Footballs loose and ever-shifting moral code has been thrown under the spotlight by Real Madrids Champions League triumph over Liverpool, the injury to Mohamed Salah that changed the momentum of Saturdays final, and the foul by Sergio Ramos that ended the Egyptians participation – and possibly his hopes of playing at the World Cup next month.
To some, Real and Spain defender Ramoss act of dragging Salah to the ground, contributing to Liverpools most potent attacking threat suffering a shoulder injury that forced him from the pitch in tears, was an act of skullduggery, sufficiently well disguised to escape serious punishment, and the product of a cynical approach to the game.
For others, it was further evidence of Ramoss qualities. The 32-year-old is a serial winner – this was a fourth Champions League crown to sit alongside four La Liga titles, a World Cup and two European Championships – and that is testament to his ability to find an edge, by fair means or foul. The end justifies the means. Youd love him if he was on your team, or so it goes.
It might be effective and his determination to win is indeed admirable but, for those defending Ramos, this seems like a good time to reflect on whether our willingness to applaud the dark arts of football may have gone too far.
Is an honest approach now to be deemed hopelessly naive when there are other, more modern ways to indicate virtue – which handily dont affect competitiveness – such as not celebrating against a former team?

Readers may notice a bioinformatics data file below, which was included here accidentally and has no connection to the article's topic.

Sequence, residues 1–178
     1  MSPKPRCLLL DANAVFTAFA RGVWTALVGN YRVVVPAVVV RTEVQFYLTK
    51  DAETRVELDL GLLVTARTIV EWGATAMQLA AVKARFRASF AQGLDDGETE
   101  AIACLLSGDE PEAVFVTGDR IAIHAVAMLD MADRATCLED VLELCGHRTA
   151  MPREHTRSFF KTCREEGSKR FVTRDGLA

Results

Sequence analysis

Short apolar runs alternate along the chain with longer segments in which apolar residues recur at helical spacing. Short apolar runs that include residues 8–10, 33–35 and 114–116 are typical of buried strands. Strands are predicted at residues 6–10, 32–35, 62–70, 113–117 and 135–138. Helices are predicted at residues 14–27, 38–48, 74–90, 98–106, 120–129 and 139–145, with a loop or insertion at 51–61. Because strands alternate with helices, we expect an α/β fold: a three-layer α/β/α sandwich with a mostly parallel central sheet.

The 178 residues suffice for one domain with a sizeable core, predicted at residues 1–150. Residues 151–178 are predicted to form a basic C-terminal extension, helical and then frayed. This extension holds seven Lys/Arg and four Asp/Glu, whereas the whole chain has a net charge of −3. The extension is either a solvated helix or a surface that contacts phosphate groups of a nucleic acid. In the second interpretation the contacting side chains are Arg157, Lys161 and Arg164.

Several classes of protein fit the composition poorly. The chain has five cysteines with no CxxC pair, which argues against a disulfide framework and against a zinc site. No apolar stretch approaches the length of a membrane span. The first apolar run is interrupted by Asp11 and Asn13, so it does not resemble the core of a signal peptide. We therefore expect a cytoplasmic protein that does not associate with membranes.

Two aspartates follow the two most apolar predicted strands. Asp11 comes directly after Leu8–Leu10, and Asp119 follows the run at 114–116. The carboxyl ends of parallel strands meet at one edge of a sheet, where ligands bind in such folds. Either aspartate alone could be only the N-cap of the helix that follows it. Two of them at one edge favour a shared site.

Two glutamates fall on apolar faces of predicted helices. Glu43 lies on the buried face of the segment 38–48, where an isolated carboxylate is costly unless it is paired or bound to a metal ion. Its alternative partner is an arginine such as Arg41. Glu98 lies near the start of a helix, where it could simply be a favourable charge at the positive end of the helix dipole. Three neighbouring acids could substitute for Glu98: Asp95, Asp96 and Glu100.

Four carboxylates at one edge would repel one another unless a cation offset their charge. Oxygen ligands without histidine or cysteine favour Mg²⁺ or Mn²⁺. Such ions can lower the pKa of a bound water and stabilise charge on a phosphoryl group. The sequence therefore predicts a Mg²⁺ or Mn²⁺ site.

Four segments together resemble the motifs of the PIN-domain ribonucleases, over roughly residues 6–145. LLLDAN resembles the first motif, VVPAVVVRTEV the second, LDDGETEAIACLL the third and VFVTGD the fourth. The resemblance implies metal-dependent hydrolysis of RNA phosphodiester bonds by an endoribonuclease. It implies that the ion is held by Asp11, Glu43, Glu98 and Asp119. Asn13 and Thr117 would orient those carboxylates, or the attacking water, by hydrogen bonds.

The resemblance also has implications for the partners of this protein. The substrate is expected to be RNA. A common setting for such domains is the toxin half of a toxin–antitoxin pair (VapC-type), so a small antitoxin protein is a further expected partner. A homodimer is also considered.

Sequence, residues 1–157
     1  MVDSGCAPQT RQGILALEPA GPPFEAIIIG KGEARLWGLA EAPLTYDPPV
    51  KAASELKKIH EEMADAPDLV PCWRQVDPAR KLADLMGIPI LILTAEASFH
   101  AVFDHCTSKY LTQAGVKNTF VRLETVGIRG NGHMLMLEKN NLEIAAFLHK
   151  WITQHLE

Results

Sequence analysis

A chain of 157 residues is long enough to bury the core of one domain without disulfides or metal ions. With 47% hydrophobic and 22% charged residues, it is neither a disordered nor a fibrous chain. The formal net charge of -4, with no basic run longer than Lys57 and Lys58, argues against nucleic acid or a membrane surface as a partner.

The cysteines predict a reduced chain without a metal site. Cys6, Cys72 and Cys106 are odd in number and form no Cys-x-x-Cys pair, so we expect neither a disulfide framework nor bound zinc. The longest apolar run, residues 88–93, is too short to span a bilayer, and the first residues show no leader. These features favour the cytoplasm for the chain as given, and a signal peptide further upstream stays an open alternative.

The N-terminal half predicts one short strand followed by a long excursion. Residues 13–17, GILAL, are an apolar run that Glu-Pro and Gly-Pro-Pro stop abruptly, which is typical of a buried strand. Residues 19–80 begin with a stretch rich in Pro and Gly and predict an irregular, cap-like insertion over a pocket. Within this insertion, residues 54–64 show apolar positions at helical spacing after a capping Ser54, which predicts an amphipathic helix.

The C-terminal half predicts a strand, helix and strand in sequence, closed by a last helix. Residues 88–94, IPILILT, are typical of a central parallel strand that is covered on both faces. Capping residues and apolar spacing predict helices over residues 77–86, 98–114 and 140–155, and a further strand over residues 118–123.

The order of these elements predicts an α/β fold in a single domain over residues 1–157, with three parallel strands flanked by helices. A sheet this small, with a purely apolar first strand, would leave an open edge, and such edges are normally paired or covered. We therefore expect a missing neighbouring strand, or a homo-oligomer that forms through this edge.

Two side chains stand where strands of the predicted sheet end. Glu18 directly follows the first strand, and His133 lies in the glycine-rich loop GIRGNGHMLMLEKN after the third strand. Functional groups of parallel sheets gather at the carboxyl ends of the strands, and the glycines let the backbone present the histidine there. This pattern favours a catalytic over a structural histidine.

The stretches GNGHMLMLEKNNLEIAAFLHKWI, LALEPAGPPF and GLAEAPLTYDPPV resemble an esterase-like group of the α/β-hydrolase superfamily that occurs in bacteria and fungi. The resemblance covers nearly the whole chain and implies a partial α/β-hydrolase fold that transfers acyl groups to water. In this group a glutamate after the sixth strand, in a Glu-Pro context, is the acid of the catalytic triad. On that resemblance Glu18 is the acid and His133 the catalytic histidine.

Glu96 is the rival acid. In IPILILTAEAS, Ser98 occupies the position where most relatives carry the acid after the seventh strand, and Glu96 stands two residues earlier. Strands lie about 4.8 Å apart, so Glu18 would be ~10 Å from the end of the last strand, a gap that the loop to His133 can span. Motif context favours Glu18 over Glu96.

Of course, Ramos could not have known that dragging Salah down would lead to that severity of injury, and there is no suggestion that he set out to hurt him. But at the very least a forceful challenge was sure to unsettle the Liverpool man.
The essence of such an act is: its worth a try because it might hurt, upset or put off an opponent. A similar logic was at play when Luis Suarez bit Giorgio Chiellini at the 2014 World Cup, incurring a four-month ban.
Ramos dragged Mohamed Salah to the ground, injuring the Liverpool player (Source: Getty)
Moral confusion isnt just a foreign affliction, though. It abounds in England, where debate continues to rage over diving, not least by a number of leading players for the national team.
If a forward is touched by a defender are they entitled to fall, even if the contact did not cause it? Is the act of tricking a player into making the challenge, thus facilitating the dive, a skill to be prized in itself? Some, such as Tottenham manager Mauricio Pochettino, have suggested as much.
We have also become wearily accustomed to the praising of tactical fouls – the type of deliberate bringing down of an opponent designed to halt an attack, usually at the expense of a yellow card.
Fail to cheat in this way and a culpable player faces the likelihood of being castigated by whichever Neville brother happens to be on co-commentary duty.
Football is a contact sport and players dont have to be saints, but – without wishing to encourage the petition to ban Ramos that attracted half a million signatories – lets not go too far the other way and elevate these tactics to a higher plane.
Its worth asking ourselves what type of football it is that we want.